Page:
Boiled peanuts are truly THE road food snack of the South. Travel any off-the-beaten-track bi-way in SC, GA, AL or the Florida panhandle and you’ll find a peanut man (or woman) stirring a big billowing pot of peanuts. SC highways 11, 17 and 170 come to mind as does FL highway 98 below Tallahassee and GA highway 80 going out to Tybee Island.

Typical roadside peanut stand. "I brake for boiled peanuts"!

Stop and buy a bag…or three. Resistance is futile when it comes to riding in a car with a warm bag of boiled peanuts – go ahead and dig in ‘cause that first bag will be gone, baby gone, by the time you reach your destination. I guarantee that. And not stop? That would be worse, never admit that you passed up hot boiled peanuts on a road trip. That’s akin to passing up a cold beer on a sweltering August day after doing yard work or such – completely preposterous.

And speaking of preposterous, it would be silly for me to give step-by-step instructions for making your own boiled peanuts – it’s just really that easy. That being said, when you find that peanuts are available in your area grab a couple of pounds and give this a try:

Boiled Peanuts

  • Fresh, green peanuts – rinsed with water
  • Salt
  • Water

In a large heavy bottom pot with a lid, place peanuts and cover with water. There should be at least 1 inch of space at the top of the pot. The peanuts will float but you should be able to stir them easily without inadvertently slinging water or peanuts out of the pot. Stir in salt – I use 1 tablespoon per pound of peanuts. Bring to a boil and stir. Turn heat down to a low simmer, loosely cover and allow to cook for about 4 hours.

Check the pot about every 30-45 minutes, stirring well each time. After 4 hours, taste a couple of peanuts to see if they are done. They should be solid but soft without any ‘bite’. If they are not, continue cooking another half hour and check again. Turn off the heat, and allow to cool in the briny water …or remove from the pot and start eating! Some people like to add hot sauce and other accoutrements – but my preference is the original, no extra accessories required …pass the paper towels!

The Mayonnaise Wars – Throw it at Me!

My recipe for shrimp spread or dip, if you will. Not even my husband, a true "non-mayo-er" can resist this appetizer. I wonder if he realizes there is mayo in it. Cats out of the bag now!

In the landscape of southern cooking – and eating – there may be no more divisive ingredient than mayonnaise. Feuding families split over which brand they prefer: Kraft, Hellman’s, Blue Plate or my personal favorite, Duke’s. And believe it or not, there are even those who not only don’t like mayonnaise, they admit that even the thought of it makes their duodenum cramp a bit.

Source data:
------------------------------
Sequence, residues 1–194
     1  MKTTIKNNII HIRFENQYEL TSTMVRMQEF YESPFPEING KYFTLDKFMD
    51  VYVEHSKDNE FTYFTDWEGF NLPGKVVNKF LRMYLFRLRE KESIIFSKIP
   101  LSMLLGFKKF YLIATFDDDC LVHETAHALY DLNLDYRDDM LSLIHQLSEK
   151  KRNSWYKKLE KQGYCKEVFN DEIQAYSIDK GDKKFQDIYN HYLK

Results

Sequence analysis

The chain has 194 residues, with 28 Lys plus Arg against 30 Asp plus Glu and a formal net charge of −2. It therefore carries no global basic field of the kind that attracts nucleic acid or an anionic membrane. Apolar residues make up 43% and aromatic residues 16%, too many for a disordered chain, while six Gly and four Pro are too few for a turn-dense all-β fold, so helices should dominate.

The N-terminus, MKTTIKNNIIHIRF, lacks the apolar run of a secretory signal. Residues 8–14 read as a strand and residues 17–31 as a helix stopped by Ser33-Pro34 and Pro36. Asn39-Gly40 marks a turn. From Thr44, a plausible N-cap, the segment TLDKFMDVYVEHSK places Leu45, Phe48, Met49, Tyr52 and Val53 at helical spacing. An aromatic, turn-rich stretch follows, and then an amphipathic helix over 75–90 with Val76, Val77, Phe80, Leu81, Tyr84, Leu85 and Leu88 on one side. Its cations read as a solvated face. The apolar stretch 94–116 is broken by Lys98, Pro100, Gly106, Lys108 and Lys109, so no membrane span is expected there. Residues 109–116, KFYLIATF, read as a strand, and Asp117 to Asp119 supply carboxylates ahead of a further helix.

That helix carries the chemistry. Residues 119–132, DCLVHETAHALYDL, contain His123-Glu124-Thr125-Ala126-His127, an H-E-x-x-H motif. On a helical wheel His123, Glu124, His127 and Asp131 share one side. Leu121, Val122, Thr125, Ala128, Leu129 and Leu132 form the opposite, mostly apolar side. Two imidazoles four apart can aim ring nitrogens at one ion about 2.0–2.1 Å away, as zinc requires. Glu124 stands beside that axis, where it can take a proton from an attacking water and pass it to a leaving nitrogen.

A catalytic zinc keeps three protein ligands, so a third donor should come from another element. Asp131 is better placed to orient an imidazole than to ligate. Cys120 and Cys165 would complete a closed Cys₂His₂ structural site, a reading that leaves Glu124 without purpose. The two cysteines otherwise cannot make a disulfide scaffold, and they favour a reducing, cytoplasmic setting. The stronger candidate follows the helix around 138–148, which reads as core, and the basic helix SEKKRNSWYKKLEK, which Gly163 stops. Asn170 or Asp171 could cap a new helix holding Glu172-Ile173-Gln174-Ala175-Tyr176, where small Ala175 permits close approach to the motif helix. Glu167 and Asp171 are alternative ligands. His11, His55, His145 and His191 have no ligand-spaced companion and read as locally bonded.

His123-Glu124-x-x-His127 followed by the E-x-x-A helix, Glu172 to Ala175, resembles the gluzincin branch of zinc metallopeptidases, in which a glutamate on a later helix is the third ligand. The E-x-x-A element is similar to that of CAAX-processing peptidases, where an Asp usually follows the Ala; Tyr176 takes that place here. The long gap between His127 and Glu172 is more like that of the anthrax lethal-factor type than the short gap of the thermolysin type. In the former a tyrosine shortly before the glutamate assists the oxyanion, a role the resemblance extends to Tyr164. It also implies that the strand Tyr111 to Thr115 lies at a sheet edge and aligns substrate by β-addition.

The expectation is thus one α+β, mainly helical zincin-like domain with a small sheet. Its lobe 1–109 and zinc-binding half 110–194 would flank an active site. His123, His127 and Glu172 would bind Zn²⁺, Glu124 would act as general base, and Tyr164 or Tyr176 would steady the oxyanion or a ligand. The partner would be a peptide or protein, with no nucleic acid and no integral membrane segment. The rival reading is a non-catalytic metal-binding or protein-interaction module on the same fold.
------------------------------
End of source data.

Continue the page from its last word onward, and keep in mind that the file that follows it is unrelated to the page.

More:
True Southerners would consider those folks the politically incorrect “c” word – crazy. (And being ever so polite would never actually say this to their face.) This is likened to not enjoying a warm bowl of creamy grits, homemade hushpuppies, or worse yet, turning your nose (and your tongue) up at pit-roasted, hardwood smoked pork barbeque. Sacrilege.

Considering myself to be a non-judgmental type person I will admit that I too, find it hard to believe that someone would not like all the delicious eats that include mayonnaise in their ingredient list. First off there’s potato salad, then there’s the BLT sandwich, deviled eggs, pimento cheese, and yes, even ranch dressing.

When presented with a “non-mayo-er” situation an uneasy feeling of disbelief sweeps over me. Something is wrong here and I must ascertain the answer ! Like a therapist searching for the clues of life-long anguish, I pester the non-mayo-er, pleading with them, “but why don’t you like it?” There must be something sinister lurking in your past, way back there, behind the pickled jalapeños and the expired yogurt, that slammed the door on all delights deemed, nay doomed, mayonnaise-y in your refrigerator of life.

When I say that my own husband is one of these non-mayo-ers, you may be surprised. Believe me, he will be surprised to read that I’ve spilt the beans regarding his little aversion in the blogosphere. But I am not here to judge or defend. Actually I am here to state that I love mayonnaise and all that it contributes to my spring and summer table.

Apologies to Paula Deen, but I won’t be “slathering my corn with mayonnaise” or recreating my own Mother’s beloved congealed salad recipes (most of which contain mayo) verbatim on South by Southeast. However, I will show how simple it is to make homemade mayonnaise, a superior condiment to any jarred brand, in my opinion. And offer recipes (with step-by-step how to) for some delish sides like old-fashioned potato salad and new favorites like Madras chicken salad sliders.

Duke's Mayonnaise. Created by Mrs. Eugenia Duke in Greenville, SC in 1917 (Yes, 1917!). Since 1929 it has been produced by the C.F. Sauer Company, still in Greenville using the same time-tested recipe. And happily the market for Duke's is expanding. You can even get it in Pennsylvania and west into Missouri now. Go Duke's!

That being said I do buy and use Duke’s Mayonnaise. This is my “family mayo” and no other brand graced the threshold of my parent’s kitchen, ever. Even though my mother is very frugal, no off brand mayo for her either, only Dukes would do. And heaven forbid, she would never allow the “whip” (you know what this is!) into a grocery cart much less onto a tomato sandwich!

What makes this specific brand so good? To me, it’s because I’ve grown accustomed to Duke’s – the clean flavor with just a subtle tang of acidy vinegar kick, I suppose. And honestly, I know what to expect and I appreciate that. Consistency is an undervalued commodity.

So, do you have a favorite mayonnaise? Or other condiment that you cannot live without? What makes it special? Throw it at me (but be nice, please). I would love to hear all about it!

Blue Plate. This is a southern mayo straight out of New Orleans via Gretna, LA. It's a cajun staple.

Kraft. There's a style and a size for everyone, pretty much.

Hellman's. There was no 'light' version at my local grocer, however, there was olive oil, for the cholesterol conscious.